It’s been seeing people build up confidence and curiosity. Throughout our different workshops, I’ve seen some familiar faces keep showing up, and I love that. Sometimes, during our earlier workshops, they will be very hesitant and not even know if they’re going to work on a research project or get involved with the science fair or pursue STEM.  

At a local school, Tony volunteers to lead a class on public speaking./Courtesy Tony Wang

What have you learned through your experiences as a volunteer?  

I think the clearer your mission and the more impact-driven your organization is, the more people are willing to collaborate with you and work harder with their volunteering. At the start, we had a lot of different goals, but slowly, we were able to crystallize that into helping underserved and underrepresented students get involved with science research.  

As we began to focus more on that and hosting more workshops, we had other volunteer organizations reach out to us. A local library offered to give us laptops and a local robotics team offer to give us demonstrations, because they also believed in the mission and wanted to also be a part of it.  

Are there any future partnerships, programs, or events you are excited about? 

We’ve mainly been virtual the past couple of years. All of our events have been on Zoom. Our next big focus is doing in-person events. We’re currently planning a large hackathon and Maker Faire in Oakland so that we reach these Title One schools and make sure it’s close to them.  

We’re renting buses. We’re going to have tables set up and make this something that students will want to go to, have fun at and want to come back to. As long as they can have fun at these hackathons and workshops—and I think in-person workshops are much more fun—it’ll make our impact much greater. We’ll also be able to directly see how our students are learning.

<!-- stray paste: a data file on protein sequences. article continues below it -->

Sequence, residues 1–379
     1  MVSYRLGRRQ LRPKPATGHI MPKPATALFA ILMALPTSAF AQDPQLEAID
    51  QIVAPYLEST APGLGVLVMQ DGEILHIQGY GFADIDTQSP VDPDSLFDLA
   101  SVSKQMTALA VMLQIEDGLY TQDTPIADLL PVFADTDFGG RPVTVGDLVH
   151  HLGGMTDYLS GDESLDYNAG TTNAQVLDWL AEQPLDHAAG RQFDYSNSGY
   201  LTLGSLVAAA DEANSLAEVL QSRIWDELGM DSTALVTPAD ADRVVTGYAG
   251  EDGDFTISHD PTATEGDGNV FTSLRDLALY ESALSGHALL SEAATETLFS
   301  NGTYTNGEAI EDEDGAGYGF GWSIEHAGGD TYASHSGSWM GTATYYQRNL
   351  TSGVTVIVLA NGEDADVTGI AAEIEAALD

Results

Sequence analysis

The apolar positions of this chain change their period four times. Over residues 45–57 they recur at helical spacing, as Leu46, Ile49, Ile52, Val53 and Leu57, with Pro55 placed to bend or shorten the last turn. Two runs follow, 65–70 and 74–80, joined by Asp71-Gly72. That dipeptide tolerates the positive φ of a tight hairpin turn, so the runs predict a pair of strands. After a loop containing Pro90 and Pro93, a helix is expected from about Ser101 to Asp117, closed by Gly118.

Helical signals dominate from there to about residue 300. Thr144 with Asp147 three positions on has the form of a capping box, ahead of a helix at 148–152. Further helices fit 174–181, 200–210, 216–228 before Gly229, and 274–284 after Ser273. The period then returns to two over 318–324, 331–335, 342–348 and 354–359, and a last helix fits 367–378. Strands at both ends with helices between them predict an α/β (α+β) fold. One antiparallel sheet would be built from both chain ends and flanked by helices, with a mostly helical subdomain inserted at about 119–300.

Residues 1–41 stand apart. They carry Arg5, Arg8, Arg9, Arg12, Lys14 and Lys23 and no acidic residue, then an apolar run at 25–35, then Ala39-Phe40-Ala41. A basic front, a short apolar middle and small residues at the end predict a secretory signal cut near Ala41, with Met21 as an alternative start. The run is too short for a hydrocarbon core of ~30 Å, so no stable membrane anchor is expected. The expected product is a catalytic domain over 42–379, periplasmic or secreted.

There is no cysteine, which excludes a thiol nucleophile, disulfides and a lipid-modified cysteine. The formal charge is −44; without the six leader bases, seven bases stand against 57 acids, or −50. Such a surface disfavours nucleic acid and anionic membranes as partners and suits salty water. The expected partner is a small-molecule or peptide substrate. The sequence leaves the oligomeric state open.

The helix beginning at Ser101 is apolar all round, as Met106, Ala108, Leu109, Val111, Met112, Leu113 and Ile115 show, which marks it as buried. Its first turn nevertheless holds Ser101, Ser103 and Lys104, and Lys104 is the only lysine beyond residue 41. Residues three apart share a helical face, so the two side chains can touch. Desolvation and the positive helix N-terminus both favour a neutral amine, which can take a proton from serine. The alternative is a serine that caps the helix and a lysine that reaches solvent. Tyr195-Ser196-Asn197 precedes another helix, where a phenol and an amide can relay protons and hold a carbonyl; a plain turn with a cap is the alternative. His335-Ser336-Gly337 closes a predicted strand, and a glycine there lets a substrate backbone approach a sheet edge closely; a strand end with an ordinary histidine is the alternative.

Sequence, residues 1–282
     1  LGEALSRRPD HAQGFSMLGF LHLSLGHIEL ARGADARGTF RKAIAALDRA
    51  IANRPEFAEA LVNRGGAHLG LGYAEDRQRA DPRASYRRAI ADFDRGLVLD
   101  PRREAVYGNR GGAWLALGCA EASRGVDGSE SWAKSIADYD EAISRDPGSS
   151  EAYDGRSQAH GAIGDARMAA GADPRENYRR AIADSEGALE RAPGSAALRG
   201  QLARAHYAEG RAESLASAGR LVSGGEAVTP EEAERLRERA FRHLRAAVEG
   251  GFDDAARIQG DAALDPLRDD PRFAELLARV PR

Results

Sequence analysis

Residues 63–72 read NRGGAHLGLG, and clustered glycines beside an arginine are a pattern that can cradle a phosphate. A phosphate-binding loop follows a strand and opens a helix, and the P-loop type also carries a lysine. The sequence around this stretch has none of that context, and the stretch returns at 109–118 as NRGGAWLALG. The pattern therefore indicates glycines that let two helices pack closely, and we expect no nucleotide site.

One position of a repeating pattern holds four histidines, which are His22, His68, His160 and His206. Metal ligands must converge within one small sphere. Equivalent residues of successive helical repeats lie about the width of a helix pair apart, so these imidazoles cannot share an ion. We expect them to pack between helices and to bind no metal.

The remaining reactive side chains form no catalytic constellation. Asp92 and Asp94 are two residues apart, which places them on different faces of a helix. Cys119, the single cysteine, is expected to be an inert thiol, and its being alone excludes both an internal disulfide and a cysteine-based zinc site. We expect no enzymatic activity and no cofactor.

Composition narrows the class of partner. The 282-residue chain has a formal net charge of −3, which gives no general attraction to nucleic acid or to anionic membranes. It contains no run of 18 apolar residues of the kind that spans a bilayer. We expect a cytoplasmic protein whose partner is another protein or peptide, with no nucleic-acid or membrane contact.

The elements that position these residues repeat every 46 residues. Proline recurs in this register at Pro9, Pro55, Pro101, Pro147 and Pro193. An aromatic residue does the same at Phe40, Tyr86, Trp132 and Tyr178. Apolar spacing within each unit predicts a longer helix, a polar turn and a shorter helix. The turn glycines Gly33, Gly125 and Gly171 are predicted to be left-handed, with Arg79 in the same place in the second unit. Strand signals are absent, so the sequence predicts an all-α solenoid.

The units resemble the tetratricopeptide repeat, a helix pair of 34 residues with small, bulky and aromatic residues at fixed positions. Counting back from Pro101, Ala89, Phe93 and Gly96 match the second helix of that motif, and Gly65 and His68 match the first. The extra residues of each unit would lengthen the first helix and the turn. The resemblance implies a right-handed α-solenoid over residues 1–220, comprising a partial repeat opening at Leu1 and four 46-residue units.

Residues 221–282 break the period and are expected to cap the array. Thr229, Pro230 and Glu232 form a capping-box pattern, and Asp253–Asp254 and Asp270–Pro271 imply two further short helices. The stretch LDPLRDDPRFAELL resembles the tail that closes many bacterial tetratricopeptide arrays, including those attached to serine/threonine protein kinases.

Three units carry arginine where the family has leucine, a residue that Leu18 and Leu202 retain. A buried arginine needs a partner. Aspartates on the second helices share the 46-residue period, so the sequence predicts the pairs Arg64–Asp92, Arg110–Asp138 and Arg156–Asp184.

Why do you think it’s important for others to volunteer?   

As members of a community, we all benefit from different things other people have done for us. And when we uplift others, even if it’s just a small thing like comforting a friend or doing something nice for a teacher, it can create such a beautiful kind of butterfly effect. Being able to volunteer is a privilege, because you’re able to work with others to put something positive into the world. 

What do you want people to learn from your story? 

I really want people to learn that being young isn’t a barrier or an obstacle to creating change. Being young is something that can help you, because young people have a lot of passion. They have a lot of interests and a lot of time, and they are some of the greatest agents for creating positive impact and change. It’s never too early to volunteer.  

What do you see for the future of the organization? 

I really want the organization to have longevity. I want it to be something that can continue being passed on and to continue changing to fit what the community needs. If there are new things that we want to address or if old issues become less relevant, I definitely want it to be something that can shift focus, and recenter itself on the things that really matter. I just want it to continue creating the biggest impact that it can in whatever shape that may take in the future.  

Do you want to make a difference in your community like Tony? Find local volunteer opportunities.